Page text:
Music Student's Career Builds to a Crescendo
When Jennifer Darius finished her audition for the University choir five years ago, Peter Bagley knew he had heard something special.
"I thought to myself, 'This is a marvelous instrument'," recalls Bagley, professor of music and director of choral activities. "It was a very musical sound and a very warm voice, particularly for an incoming freshman. I asked Jennifer if she had studied voice, and she said no."
Darius had come to UConn to study medicine. Although she had been in the chorus at Windham High School, she had never had a singing lesson. Bagley, taken with her voice, encouraged her to start. She began to take lessons with Constance Rock, who would become her mentor and friend. She joined the chorus, and continued studying the sciences.
As time passed, however, Darius began to have second thoughts about a career in medicine. "Things progressed and I became more and more interested in the music," she says. "By spring semester of my sophomore year, I knew I wanted to switch my major." And she did.
Rock saw it coming. "I could hear it every week. Her voice would just get better and better," says Rock, lecturer in voice and diction at UConn and The Hartt School of Music at Hartford.
Rock glows when she talks about Darius: "Her voice is the kind that gives you goose bumps," she says.
Darius started as an alto, but turned into a soprano. "It took a while," Rock says, "but that happens with the larger voices like Jen's - a very round full voice. After we worked with her voice, you could tell it was going to be something special, and it was going to be a soprano."
Darius says Rock was patient. "As we progressed, my top range started to develop," she says. "Connie could hear that my voice wanted to explore that higher range and was beginning to be able to do that. She worked on that and found ways for me to explore that range comfortably and slowly."
Darius and her family live in Hampton. Her parents are from Haiti. She and her two sisters grew up singing Haitian and French songs. As a child, she took lessons in violin, piano and clarinet, but had no special training in classical music.
Singing has now become Darius' life. "The opportunity to make music is phenomenal," she says. "You learn how to sing in different languages, and the enjoyment of knowing what a particular piece means and being able to express a feeling that somebody else - a poet or composer - is trying to portray in a piece of music is a wonderful opportunity. Doing scenes with the opera program was so much fun and a great way to connect with other people. I fell in love with it."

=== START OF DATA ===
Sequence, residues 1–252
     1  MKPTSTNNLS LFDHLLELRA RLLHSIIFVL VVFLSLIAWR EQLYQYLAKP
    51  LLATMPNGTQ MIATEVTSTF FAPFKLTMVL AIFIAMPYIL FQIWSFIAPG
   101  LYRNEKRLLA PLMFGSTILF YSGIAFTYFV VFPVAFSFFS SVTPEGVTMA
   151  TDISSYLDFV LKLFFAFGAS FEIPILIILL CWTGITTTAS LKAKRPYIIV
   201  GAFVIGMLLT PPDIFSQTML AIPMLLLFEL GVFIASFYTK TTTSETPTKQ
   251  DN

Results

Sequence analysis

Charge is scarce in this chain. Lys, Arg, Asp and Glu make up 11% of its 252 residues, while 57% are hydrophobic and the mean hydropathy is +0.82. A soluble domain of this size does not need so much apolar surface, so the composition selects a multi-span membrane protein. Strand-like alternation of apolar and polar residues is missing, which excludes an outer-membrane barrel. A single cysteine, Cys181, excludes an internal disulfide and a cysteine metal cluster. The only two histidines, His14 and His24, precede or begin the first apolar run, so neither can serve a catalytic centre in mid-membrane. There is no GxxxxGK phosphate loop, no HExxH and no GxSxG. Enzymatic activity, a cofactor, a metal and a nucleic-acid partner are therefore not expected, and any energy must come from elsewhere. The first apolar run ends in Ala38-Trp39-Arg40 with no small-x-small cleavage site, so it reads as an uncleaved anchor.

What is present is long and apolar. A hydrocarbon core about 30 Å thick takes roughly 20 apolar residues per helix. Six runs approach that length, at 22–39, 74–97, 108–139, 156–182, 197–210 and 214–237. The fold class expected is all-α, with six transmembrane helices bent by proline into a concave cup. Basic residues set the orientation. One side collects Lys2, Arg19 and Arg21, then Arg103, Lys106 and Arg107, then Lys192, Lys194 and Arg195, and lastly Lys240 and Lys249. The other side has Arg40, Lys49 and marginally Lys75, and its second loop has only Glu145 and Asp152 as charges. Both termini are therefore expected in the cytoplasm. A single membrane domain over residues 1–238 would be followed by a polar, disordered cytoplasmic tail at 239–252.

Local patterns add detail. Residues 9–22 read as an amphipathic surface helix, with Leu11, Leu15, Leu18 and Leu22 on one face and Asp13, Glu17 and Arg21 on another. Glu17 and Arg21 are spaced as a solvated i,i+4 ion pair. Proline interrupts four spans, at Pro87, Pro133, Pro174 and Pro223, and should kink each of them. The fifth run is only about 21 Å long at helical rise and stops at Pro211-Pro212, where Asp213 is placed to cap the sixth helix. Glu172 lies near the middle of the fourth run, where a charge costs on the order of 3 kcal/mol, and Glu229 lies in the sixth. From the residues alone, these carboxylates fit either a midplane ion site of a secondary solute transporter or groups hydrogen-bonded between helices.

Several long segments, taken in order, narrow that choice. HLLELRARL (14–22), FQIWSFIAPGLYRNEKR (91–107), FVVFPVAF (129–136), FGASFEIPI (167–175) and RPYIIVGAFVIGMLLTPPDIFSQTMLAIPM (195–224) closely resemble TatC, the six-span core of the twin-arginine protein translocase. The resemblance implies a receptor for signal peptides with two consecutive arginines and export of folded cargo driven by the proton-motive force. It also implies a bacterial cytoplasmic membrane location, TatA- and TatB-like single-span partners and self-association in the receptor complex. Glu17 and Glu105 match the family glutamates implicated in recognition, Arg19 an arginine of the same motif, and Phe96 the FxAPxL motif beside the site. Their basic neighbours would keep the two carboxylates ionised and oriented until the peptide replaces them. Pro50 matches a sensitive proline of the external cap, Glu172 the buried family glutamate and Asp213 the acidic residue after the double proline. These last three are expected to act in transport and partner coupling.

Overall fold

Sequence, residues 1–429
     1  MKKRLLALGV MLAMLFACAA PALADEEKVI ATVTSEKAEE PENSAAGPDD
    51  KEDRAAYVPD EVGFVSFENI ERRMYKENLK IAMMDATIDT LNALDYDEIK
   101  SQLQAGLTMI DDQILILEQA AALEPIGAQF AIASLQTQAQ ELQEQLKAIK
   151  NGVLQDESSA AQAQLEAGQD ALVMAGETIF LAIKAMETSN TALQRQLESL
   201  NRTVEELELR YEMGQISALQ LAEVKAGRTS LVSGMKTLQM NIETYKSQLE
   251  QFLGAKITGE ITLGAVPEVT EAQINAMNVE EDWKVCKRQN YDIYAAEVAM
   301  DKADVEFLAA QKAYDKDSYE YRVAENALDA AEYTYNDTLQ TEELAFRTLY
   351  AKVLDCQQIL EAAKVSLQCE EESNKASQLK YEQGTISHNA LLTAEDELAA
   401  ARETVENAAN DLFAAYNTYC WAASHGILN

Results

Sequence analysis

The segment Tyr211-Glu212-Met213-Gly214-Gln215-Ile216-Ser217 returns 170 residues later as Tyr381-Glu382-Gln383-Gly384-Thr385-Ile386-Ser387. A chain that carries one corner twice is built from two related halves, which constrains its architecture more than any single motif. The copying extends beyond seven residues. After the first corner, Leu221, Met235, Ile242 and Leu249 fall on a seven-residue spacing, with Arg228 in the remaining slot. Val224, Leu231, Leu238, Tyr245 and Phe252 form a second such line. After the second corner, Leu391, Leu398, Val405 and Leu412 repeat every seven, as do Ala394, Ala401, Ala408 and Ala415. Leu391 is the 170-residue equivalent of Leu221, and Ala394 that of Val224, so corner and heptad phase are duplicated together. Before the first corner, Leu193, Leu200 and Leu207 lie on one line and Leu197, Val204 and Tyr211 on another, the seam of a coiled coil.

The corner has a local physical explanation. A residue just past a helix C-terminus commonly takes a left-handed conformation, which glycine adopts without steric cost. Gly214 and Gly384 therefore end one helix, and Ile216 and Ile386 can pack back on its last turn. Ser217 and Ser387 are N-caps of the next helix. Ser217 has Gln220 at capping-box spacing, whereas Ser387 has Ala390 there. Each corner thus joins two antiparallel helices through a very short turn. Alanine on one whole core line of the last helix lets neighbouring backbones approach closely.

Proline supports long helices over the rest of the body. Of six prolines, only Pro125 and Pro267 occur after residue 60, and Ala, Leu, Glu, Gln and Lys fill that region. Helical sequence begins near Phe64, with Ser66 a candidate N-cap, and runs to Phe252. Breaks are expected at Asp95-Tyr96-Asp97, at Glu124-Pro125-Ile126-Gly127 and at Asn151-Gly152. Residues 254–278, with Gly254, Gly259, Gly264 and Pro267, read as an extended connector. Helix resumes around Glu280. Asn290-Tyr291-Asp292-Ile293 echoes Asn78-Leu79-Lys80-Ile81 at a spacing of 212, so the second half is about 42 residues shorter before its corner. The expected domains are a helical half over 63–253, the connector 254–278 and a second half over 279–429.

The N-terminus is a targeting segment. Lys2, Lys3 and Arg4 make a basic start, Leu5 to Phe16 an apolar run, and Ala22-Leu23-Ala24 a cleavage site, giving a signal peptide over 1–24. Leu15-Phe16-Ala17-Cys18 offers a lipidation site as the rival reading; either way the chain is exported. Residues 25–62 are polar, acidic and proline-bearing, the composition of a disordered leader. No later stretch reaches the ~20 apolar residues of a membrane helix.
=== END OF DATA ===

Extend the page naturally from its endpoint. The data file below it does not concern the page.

Rock says Darius is "a wonderful person. She is confident, very intelligent, a beautiful soul, a natural musician, and a hard worker." What makes Darius so special is not only her magnificent voice but also her understanding of how to use it - "a combination that students don't always have," she adds.
With some singers, she says, "you can hear a wonderful voice in there, but no matter how many different ways you try to get them to understand how to use it, they just don't get it. But Jen has it all. She's got a wonderful stage presence and languages are very easy for her, which is great, because we sing in so many languages." Darius is bilingual in French and Creole.
Being a music major is time-intensive. Darius takes a one-hour lesson with Rock each week and practices daily with her accompanist Sandra Haas. Then there are rehearsals - for an upcoming opera, choir performances, and preparation for competitions and auditions. On weekends, Darius works behind the circulation desk at the music library.
All her hard work has paid off. She recently received a prestigious award at the Metropolitan Opera district auditions at Yale University, where she was competing with top talents. The Francesco and Hilda Riggio Award is given to encourage and assist a contestant below age 29 who has shown great potential. One of the judges of the competition, the executive director of Opera News, the leading opera publication in the U.S., is writing an article about Darius for the June issue.
When her name was called as the winner of the Riggio award, Darius "was completely shocked. I was just floored. I went into this audition because Connie wanted me to see what it was like to sing for other people. I didn't think that anything would come out of it," she says.
Darius had to prepare five arias. "You sing one of your choice and the judges usually choose another. In my case, they asked me to sing a third. I was done singing my second aria and I said 'thank you' and walked upstage. Then the usher came back out and said they wanted to hear another. And I sang the third."
Darius sang "Tu Che di Gel" from Turandot by Puccini, followed by "My Man's Gone Now" from Porgy and Bess by Gershwin, and "Porgi Amor" from The Marriage of Figaro.
"I just wanted to make Connie proud," Darius says. "I knew she'd be sitting in the audience. She is so nurturing. She only wants what's best for her students. She has worked hard to help me through so much. Everything I have done singing-wise, vocally, and all my training - I owe everything to Connie."
Darius is now busy rehearsing for The Marriage of Figaro, Mozart's four-act opera to take place April 22 in von der Mehden Recital Hall, where she will perform the role of the Countess. (She will share the role with another student). She has been rehearsing for the part all year.
"I've never done anything like this before, only a one-act opera and opera scenes," she says. "I can't wait. It's an opportunity of a lifetime."
Darius, who will graduate in May, plans to stay at UConn to earn her master's degree.